Introducing the new McLaren Grand Touring series, and the first car in the family, the appropriately named McLaren GT – it’s light, it’s fast, it can carry your golf bats, and it’s not really a GT…
McLaren has made a hell of a business case out of a single twin-turbocharged V8, going on to produce 20,000 cars since the first McLaren 12C rolled out of Woking in 2011. The milestone car was a Chicane Grey 600LT Spider, the range topping Sports Series model from the British supercar manufacturer.
So far McLaren has made use of its V8 in three classes of supercar, going on to the Super Series and the ultimate, um, Ultimate Series. Now the company has decided to go after Bentley and Rolls-Royce with its own twisted idea of a GT.
The first model in McLaren’s Grand Tourer product family offers 570 litres of cargo room, which is more than a Toyota Camry or Avalon with its rear seats up. The idea of the Grand Touring series is to offer customers the closest thing to an every-day supercar, so that’s where any mentions of Bentleys stop.
This elegantly named McLaren GT is still a mid-engined, carbon-fibre monocoque chassis supercar, putting 620 horsepower and 630Nm of torque down to the ground. The 4.0-litre engine provides performance competitive with the company’s own Super Series cars such as that 20,000th 600LT. In the GT, you can hit 326km/h and do zero to 200km/h in nine seconds flat.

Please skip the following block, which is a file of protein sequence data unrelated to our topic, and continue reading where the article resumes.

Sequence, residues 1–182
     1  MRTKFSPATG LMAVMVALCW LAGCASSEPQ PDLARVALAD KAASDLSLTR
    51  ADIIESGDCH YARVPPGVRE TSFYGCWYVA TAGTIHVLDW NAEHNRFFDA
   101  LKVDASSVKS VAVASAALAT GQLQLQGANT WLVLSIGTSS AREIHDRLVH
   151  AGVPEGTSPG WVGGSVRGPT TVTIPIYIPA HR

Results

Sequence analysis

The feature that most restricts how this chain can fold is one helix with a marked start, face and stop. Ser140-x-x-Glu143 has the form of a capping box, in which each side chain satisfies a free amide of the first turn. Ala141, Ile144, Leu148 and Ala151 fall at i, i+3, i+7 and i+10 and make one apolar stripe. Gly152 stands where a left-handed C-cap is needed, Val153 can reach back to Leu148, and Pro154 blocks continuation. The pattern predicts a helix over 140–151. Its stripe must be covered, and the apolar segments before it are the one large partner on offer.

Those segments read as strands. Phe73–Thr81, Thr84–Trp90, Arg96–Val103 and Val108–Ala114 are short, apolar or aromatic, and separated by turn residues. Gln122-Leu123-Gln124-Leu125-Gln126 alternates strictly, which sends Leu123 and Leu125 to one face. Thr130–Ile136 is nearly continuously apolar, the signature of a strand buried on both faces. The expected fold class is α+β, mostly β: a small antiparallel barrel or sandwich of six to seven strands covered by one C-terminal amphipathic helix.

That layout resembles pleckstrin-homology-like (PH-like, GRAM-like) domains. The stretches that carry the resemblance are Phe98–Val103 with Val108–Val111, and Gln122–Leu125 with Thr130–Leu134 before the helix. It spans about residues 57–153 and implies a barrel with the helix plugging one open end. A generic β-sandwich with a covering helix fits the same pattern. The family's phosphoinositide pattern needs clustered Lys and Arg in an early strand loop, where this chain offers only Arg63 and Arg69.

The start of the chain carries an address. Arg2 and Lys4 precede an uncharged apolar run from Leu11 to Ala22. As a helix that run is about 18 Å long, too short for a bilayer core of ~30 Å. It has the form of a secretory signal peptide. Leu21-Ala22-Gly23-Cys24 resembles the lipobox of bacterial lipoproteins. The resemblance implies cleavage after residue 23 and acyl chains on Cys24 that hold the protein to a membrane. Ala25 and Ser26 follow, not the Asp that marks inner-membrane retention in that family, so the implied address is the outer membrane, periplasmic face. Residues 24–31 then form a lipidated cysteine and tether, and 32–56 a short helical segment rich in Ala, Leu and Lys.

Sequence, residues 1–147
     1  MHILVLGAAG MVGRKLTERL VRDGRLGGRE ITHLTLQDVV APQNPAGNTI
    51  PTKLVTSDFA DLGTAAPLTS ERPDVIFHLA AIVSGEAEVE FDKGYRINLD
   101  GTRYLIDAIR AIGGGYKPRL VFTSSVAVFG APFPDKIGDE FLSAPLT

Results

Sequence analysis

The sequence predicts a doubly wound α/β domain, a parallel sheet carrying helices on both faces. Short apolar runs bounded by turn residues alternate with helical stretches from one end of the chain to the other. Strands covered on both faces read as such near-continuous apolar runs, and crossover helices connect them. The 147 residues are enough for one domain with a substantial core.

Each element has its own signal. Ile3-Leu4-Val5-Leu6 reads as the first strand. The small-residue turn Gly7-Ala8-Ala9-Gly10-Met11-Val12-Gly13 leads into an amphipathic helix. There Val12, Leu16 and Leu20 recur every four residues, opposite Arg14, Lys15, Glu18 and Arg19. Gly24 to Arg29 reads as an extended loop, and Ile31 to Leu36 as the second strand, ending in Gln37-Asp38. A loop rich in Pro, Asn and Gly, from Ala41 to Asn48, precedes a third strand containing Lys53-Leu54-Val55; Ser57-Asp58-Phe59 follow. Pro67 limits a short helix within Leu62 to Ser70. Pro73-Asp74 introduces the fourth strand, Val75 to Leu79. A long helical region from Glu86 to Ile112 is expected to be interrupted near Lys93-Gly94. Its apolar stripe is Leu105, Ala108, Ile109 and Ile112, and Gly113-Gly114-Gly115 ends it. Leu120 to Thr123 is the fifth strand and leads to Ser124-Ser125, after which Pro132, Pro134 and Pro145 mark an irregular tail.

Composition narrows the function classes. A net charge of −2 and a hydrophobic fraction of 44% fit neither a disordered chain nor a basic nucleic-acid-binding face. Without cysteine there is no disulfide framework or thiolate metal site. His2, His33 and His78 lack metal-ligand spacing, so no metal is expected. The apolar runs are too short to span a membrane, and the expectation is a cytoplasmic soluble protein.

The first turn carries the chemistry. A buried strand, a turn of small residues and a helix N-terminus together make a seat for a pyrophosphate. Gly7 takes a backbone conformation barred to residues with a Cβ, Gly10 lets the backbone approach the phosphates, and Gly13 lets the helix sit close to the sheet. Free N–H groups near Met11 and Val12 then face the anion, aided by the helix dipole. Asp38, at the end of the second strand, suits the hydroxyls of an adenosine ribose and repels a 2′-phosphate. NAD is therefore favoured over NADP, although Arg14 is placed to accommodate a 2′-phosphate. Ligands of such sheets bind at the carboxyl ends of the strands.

In this dizzy land of burnt rubber and money, even the price is real-world, with the 2020 McLaren GT starting from about AED760,000 in its home market.
For that much change you get a car built around a unique monocoque exclusive to the Grand Touring series, that’s designed to open up a 420-litre cargo area behind the occupants. McLaren says you can stuff a pair of skis or a golf bag back there, with a further 150 litres available under the frunk.
Daily-driving comfort was the focus with the suspension, and the Brits were confident enough with the set-up to throw on huge, low-profile tyres over 21-inch wheels at the rear (the largest ever fitted to a McLaren), and 20-inch at the front. The GT also sits relatively high for a supercar, with 110mm of ground clearance which is almost the same as something like a BMW M3.
Inside the supercar that pretends it’s a GT, you get a lot of leather and knurled aluminium, as well as a 12-speaker Bowers & Wilkins sound system. But true to form the sub-woofers are carbon fibre and Kevlar, which is a little touch that plays a big part in the GT’s weight figure – at 1,530kg the McLaren is a couple of hundred kilos lighter than rivals such as the Aston Martin DB11 and Ferrari GTC4.